“It’s not lost on us that people care. It’s a really incredible thing given how short we’ve been a band—it feels even more incredible,” says Snyder. “This is what we believe in. To us, that’s how a band should do it.”

“Even within all of that, the look and everything of the band, that’s all internal. We all get to do the art on our records. It’s a self-contained unit. And about the label thing, when we had discussions about where we were going to go next, we ultimately landed with Polyvinyl and they dug the whole picture of Beach Slang. It sounds like a really basic ‘of course’ thing, but it’s not really. Labels always want to get in and get their thumbprint on things and then things get blown apart.”

Live, there’s a punk edge to Beach Slang. Not enough to whip up a pit, but everything they do is built on top of the groundwork of punk and post-punk. The band plays loose and teetering on the edge of falling apart. The band stops mid song because Snyder wants to talk about a never-ending breath mint that was in his mouth. The touring guitarist wears goofy x-ray glasses half the set. They let various friends and members of Cursive’s crew step in and play songs with them.

It was revealing that Snyder says Paul Westerberg from The Replacements is his favorite songwriter. It’s one of two bands that Beach Slang is most compared to by the media. The other? The Goo Goo Dolls. Not the coolest comparison, but the laid back personality of the band shows in their reaction to the comparisons.

“It depends when you got hip to the Goo Goo Dolls. If it’s that later stuff, you just take a step back,” Snyder says. “There was that moment of taking a step back and thinking about it. Then you go back and listen to their first few records and I was like, ‘I totally can dig that!’”

“When I first saw it, I balked. I thought about their first couple of their records and I totally got it. What the Goo Goo Dolls were trying to do was a Replacements thing, so we just fit in the legacy… My head’s on straight and I’m just enjoying the ride. Let’s be honest, there can be worse comparisons. I want to make our own thumbprint on the thing.”

So when it’s all said and done, Beach Slang is a “blog buzz band” that doesn’t try to manufacture the buzz. They do what they do and let the world react. It’s refreshing for someone to care so deeply while still not really giving a shit. In the current universe of how hype is manufactured, Beach Slang’s approach is truly an outlier.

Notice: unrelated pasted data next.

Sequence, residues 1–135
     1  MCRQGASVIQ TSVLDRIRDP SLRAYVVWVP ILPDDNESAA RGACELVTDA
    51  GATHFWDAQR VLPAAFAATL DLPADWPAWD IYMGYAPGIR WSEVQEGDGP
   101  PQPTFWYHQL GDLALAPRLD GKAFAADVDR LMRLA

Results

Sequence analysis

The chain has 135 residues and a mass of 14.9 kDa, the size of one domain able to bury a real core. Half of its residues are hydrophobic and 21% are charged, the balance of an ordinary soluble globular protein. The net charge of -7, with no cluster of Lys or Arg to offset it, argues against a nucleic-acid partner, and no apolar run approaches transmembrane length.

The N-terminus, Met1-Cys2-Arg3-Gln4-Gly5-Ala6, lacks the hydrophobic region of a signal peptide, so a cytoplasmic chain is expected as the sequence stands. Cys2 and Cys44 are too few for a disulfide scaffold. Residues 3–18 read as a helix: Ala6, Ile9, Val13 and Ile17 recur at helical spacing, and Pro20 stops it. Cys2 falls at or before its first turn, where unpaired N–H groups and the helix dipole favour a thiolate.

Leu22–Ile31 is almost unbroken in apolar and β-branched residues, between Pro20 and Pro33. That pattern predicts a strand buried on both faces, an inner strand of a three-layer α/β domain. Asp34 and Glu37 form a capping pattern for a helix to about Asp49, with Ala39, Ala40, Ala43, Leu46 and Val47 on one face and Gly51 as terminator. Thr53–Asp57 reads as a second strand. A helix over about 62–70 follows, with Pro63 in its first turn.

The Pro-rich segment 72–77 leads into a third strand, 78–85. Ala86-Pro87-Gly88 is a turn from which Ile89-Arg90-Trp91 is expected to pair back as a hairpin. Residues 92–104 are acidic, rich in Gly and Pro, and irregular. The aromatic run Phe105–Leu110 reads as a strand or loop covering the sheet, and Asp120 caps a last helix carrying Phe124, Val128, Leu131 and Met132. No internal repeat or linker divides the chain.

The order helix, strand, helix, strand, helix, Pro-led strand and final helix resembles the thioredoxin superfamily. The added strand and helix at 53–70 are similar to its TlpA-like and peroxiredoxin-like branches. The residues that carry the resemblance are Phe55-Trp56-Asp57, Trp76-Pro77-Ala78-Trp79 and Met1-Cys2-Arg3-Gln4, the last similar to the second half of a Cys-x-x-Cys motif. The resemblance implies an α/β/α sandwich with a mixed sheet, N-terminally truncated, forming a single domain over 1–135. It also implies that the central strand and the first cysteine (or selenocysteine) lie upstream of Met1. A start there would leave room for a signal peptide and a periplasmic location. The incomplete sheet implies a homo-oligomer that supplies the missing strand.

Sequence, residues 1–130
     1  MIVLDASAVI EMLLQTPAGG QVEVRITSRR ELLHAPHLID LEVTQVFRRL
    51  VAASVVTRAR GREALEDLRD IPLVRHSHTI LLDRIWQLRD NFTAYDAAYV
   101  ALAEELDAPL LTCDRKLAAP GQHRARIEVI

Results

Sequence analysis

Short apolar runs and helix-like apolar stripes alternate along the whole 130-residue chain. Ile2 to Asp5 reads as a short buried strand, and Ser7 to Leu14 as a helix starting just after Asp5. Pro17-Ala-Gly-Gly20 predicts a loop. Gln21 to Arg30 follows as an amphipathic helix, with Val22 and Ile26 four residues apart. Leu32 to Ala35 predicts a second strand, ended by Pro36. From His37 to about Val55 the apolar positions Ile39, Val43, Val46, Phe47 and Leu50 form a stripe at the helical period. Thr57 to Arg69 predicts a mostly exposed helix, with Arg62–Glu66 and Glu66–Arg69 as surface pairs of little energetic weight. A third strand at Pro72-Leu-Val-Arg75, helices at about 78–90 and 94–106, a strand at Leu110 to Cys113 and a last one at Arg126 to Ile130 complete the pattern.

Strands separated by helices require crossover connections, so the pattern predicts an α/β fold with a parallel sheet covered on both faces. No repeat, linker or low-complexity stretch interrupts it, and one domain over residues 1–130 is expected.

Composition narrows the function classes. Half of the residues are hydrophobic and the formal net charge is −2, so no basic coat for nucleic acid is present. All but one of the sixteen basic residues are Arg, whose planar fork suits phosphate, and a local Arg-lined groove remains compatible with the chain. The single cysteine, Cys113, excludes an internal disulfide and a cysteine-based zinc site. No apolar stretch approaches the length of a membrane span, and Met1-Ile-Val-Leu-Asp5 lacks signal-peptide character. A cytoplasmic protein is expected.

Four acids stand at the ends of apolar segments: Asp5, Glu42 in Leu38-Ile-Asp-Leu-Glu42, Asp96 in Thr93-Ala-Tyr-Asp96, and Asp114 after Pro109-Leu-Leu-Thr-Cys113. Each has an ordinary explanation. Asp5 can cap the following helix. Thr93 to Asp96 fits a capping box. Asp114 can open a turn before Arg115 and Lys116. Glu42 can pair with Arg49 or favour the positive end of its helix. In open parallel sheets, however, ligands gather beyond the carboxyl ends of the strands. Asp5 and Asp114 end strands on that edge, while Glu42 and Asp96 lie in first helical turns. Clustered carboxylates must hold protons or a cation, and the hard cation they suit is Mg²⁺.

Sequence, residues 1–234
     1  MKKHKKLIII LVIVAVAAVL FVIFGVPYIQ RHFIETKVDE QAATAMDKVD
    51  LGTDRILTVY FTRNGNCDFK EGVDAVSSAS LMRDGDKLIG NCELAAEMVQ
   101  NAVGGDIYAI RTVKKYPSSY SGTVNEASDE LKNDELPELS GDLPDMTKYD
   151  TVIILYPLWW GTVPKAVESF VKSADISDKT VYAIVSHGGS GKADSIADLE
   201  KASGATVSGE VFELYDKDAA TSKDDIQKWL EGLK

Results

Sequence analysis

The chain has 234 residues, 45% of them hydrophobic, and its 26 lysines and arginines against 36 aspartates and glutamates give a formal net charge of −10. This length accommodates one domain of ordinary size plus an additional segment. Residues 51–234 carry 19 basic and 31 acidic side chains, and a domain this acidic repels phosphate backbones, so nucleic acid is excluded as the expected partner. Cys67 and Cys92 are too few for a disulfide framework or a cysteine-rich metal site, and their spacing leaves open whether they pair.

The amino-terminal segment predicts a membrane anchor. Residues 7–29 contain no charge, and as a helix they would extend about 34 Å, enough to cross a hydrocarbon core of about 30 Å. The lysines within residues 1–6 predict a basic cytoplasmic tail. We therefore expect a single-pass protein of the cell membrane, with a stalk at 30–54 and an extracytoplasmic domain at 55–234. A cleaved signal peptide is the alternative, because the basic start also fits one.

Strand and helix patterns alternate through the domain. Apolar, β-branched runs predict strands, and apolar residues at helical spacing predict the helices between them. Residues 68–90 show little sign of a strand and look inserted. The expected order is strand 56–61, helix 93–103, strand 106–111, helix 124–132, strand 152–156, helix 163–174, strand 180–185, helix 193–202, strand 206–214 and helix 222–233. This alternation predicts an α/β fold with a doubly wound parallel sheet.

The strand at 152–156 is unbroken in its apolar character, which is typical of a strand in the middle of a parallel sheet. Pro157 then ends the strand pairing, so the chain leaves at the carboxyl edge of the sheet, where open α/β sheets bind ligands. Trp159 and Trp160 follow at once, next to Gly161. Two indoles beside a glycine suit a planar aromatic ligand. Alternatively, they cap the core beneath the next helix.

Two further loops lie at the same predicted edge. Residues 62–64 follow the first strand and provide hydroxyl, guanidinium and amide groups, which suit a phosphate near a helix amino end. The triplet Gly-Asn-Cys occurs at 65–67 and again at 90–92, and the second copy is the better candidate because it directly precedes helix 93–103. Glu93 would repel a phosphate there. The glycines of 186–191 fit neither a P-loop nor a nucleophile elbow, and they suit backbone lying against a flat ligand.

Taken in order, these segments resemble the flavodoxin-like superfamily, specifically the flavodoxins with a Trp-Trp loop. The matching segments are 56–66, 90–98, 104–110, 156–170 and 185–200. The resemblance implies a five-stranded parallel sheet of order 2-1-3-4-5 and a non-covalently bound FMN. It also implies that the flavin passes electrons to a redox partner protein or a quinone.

“If you really break it down at its basic level, at least people are talking about what we’re doing. We could just be insignificant enough to not even care about it,” Snyder says. “At the end of the day comparisons are cool and nice to compartmentalize things, so people can understand it. But we’re just Beach Slang and we do that thing. Ultimately we’re going to fight through those easier comparisons and stand on our own merit.”

As the Grog Shop show winds down and both Tim Kasher (singer) and Ted Stevens (guitarist) from Cursive join them on stage, Snyder reads a few paragraphs he wrote about the experience of touring with Cursive. It was incredibly heartfelt. In those words, Snyder says that it’s always incredible when idols become friends. You can tell there is a deep bond and a friendship that’s been built between both bands forged over this tour.

While much of that can be chalked up to how kind Cursive treated Beach Slang (Snyder on Cursive: “They are the sweetest human beings. Just looking after us and making sure we’re being fed and that kind of good stuff.”), I have to believe a lot of it can be attributed to just how likable the guys from Beach Slang are. Every moment they were on stage included a smile, a childish giggle from Snyder, or just general fucking around.

Beach Slang is killing it right now. Doing it their own way—with kindness and a passion for the music they want to make.